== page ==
Aliza Lapierre started her season off early with a win at the Bandera 100k in January. She’s escaped the cold clime of Vermont to race the much more temperate TNF Transgrancanaria this weekend. In the following interview, Aliza talks about racing long distances early in the season, dealing with the difficulties of travel, and why she’s running TGC.
[Click here if you can’t see the video above.]
Aliza Lapierre Pre-2015 Transgrancanaria Interview Transcript
iRunFar: Bryon Powell of iRunFar here with Aliza Lapierre before the 2015 The North Face Transgrancanaria. How are you, Aliza?
Aliza Lapierre: I’m doing well, Bryon. How are you?
iRunFar: Alright. It’s the beginning of March. We’re in the Canary Islands. But you’ve already kicked off your season. You ran very early in the year at Bandera 100k.
Lapierre: Yes, that was a little bit of a surprise to run in January, but somehow I pulled through. The conditions there were great for me. It was 30 degrees and raining, snowing, icy, and muddy, so it suited my training well.
iRunFar: You won that 100k and got into Western States. You really didn’t have a lot of preparation for that one.
iRunFar: Only a couple weeks?
Lapierre: I think we had three weeks of training—one kind of getting back into the groove and three weeks on. So with taper it was pretty quick.
iRunFar: How has your running gone since then?
Lapierre: It’s gone pretty well. It’s been difficult and really cold in Vermont—from 0 to -40 [Fahrenheit] with the wind and snow every night. So training outdoors has been tough—lots of layers, lots of anger with the conditions, but I’ve gotten through it somehow.
iRunFar: How do you get yourself out the door when it’s -40 with the wind chill?
Lapierre: I think sometimes my husband has to shove me out the door, but it happens. I think the hardest part is getting out there and getting moving and getting warmed up, but once you’re out there things fall into place. Nothing happens fast. You’re not doing any speedwork or hitting any PRs out there.
iRunFar: Have there been any mishaps? Any water bottles freezing or gel?
Lapierre: Oh, you don’t even carry water with you because it will freeze right away. Gels freeze. I did one 28 miler with no water and one gel. I was able to chew on it and get it down, but it’s impossible.
iRunFar: Wow. Now here you are here in the Canary Islands. It’s quite a change of pace.
Lapierre: I know. I’m loving it.
iRunFar: You’ve come in about a week before the race. Was that intentional to get used to the conditions?
Lapierre: It was intentional, also to kind of check out the trail and practice being back on the trail and kind of getting my feet back underneath me with footwork. I’m just kind of finding the flow since I’ve been mostly on dirt roads and buffed out snow paths. With the amount of travel it takes to get here, it’s nice not to feel stressed and pressed for time if we got delayed or had a mishap.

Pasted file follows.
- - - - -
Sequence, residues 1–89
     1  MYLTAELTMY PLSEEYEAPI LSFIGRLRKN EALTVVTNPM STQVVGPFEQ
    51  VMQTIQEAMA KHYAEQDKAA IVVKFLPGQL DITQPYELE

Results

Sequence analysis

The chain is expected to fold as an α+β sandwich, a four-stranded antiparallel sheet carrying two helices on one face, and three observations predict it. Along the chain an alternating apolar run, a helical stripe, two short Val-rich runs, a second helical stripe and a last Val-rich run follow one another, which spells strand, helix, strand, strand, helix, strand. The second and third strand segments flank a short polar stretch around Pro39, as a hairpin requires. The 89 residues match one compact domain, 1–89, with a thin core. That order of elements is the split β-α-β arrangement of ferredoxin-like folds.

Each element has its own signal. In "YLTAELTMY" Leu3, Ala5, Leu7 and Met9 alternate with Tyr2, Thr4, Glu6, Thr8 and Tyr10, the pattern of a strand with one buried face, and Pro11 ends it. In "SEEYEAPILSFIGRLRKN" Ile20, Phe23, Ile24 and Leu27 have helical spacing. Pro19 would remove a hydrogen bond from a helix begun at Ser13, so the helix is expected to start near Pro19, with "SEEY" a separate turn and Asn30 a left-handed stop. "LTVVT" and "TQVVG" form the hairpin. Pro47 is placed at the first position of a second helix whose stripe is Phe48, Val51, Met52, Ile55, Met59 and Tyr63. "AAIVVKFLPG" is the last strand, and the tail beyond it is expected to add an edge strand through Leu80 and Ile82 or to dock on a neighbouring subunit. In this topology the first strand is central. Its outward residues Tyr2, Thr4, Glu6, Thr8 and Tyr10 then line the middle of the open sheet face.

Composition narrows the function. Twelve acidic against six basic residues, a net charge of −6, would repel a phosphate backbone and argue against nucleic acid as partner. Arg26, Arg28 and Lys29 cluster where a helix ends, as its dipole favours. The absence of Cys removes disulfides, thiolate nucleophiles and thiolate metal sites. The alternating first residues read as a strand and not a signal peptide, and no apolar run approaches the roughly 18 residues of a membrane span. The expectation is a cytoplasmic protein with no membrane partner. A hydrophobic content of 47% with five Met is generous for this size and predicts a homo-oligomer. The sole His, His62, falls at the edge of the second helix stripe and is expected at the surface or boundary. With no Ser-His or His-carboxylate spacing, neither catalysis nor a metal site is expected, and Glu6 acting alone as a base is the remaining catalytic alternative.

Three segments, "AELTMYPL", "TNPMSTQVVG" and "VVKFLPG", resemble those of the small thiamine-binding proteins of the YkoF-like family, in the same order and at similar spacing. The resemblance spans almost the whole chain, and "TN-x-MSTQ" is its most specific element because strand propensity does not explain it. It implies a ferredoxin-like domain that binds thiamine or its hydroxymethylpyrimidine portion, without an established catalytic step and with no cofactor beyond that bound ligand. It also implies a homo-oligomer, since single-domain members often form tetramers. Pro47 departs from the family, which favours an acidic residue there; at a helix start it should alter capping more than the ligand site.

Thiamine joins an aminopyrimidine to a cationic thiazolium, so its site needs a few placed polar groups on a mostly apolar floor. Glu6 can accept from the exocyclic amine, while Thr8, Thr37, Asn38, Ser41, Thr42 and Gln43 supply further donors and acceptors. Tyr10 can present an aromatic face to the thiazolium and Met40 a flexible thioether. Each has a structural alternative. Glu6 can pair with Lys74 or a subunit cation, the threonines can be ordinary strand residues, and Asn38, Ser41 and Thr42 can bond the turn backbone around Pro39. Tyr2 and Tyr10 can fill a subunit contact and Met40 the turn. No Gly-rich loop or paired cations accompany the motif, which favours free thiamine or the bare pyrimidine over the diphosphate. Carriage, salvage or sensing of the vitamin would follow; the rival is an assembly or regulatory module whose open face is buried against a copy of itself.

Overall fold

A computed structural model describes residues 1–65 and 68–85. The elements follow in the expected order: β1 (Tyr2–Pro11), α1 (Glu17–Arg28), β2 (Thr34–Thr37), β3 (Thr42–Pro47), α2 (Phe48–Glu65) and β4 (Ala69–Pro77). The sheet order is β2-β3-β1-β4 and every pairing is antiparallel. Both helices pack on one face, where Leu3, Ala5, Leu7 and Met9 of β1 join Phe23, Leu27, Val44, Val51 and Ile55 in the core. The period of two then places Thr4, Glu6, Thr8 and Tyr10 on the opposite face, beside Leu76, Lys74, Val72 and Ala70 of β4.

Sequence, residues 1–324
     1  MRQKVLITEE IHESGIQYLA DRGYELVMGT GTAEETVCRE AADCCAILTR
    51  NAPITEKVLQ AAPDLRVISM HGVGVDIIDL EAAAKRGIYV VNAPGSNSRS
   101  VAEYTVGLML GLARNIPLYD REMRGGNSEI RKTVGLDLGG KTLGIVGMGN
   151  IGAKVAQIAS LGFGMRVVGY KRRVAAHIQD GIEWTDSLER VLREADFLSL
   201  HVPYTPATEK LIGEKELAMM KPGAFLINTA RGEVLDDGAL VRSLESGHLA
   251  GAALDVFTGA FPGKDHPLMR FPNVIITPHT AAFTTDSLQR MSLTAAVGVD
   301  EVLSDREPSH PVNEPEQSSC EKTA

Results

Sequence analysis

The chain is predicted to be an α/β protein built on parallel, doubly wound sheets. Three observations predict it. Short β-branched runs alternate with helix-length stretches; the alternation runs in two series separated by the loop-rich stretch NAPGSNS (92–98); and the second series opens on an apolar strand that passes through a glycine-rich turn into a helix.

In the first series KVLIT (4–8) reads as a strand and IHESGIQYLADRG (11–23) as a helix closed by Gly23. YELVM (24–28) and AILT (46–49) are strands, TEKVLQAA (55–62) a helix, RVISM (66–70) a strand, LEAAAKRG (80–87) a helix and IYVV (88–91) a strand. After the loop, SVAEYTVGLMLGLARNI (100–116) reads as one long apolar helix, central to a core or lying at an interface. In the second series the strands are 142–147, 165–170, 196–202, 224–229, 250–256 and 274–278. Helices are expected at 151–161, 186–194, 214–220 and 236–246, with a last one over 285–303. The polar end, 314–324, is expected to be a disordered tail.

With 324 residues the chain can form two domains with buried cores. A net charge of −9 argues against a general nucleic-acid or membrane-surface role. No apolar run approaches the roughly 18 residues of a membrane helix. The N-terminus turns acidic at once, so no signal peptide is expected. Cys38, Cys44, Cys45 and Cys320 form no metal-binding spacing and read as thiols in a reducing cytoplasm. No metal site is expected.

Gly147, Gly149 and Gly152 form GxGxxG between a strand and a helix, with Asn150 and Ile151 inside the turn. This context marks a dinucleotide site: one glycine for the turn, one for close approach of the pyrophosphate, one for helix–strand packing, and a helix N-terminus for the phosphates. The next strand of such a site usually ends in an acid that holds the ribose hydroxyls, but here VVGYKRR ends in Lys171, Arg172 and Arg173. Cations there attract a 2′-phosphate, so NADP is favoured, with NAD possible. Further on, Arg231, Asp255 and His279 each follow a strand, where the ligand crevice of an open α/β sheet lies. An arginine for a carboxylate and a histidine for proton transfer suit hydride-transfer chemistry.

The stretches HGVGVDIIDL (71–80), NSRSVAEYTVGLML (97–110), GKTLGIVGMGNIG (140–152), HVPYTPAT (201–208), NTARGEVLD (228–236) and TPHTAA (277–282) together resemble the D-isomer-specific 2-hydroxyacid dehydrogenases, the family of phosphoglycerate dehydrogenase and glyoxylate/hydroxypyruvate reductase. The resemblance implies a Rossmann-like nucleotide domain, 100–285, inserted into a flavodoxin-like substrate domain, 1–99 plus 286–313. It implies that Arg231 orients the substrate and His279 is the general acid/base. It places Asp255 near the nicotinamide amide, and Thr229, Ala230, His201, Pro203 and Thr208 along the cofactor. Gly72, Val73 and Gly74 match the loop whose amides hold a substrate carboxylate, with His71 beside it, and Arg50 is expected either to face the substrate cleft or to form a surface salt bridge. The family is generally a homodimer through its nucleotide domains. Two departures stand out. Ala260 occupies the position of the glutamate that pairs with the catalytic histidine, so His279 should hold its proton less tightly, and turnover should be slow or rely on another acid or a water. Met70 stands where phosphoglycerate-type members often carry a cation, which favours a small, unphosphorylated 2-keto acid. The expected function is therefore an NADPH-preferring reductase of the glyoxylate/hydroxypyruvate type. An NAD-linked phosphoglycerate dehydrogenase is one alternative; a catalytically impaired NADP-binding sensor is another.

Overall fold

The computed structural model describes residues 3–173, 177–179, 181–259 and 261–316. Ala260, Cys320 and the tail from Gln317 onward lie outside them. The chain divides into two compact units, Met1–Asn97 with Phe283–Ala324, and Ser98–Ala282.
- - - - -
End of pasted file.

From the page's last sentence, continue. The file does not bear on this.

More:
iRunFar: Have you changed that over the years such that it’s a new approach to you?
Lapierre: It all depends on my work schedule. If I can take the time I like to, but there are races where you fly in the night before and get up the next morning and race. It’s kind of how the cookie crumbles.
iRunFar: You feel pretty well adjusted now?
Lapierre: Yeah, it’s been nice to experience the dry heat and get used to the food and just be back in the sun. It feels good.
iRunFar: It’s always a challenge when you travel, and you tend to have a pretty refined diet—or unrefined as it were—gluten-free stuff, vegetarian. How is that when you travel to a place like Gran Canaria for example?
Lapierre: Yeah, I probably packed 20 pounds of food, from gels and bars and shot blocks to gluten-free bread, pasta, quinoa. I also made a jar of mixed nut butter to bring and made the mistake of putting that in a glass Mason jar. That ended up exploding all over my bag, so glass and almond butter everywhere with a note from TSA with sticky fingerprints all over it.
Lapierre: Oops. Lesson learned.
iRunFar: You’re able to find a way to…?
Lapierre: Yeah, I’ve definitely been exploring all the grocery stores and trying to figure out, like I was looking for chickpeas which at home is pretty standard to find. I went to four grocery stores and couldn’t find chickpeas or black beans. So it’s a little bit harder knowing that, Well, if I’m not going to get protein from beans, I’ve got to do something else. It’s not ideal, but you find a way.
iRunFar: How about the island and the course—was it what you expected?
Lapierre: I don’t really know what I expected, but I think the course is maybe a little more technical than I envisioned. I like technical, so I’m excited for that. I think later on in the race, my feet and my body might not like technical, but it keeps your mind engaged and busy. It seems like there’s going to be a lot of varied terrain—some buffed-out stuff and some rocky stuff. So, I’m excited. There are great views, and I think the competition is going to be great. It will be good to race against some new people and just experience the island on foot.
iRunFar: So you’re feeling good for it?
Lapierre: Hard to say. I think I feel good. I want to feel good. We’ll see what happens on Friday.
iRunFar: Correct me if I’m wrong, but is this the first time you’ve run more than 100k this early in the year?
Lapierre: I believe you’re correct. I usually don’t like to race until April, and that’s usually a 50-mile kind of tune-up race to get the season going. So Bandera and this will definitely be an early start to the season. Hopefully I can stay healthy and happy.
iRunFar: What drew you to this?
Lapierre: Just the opportunity to travel and to race against new people and higher competition.
iRunFar: Best of luck out there. Enjoy.
Lapierre: Thanks, Bryon. Thanks for covering.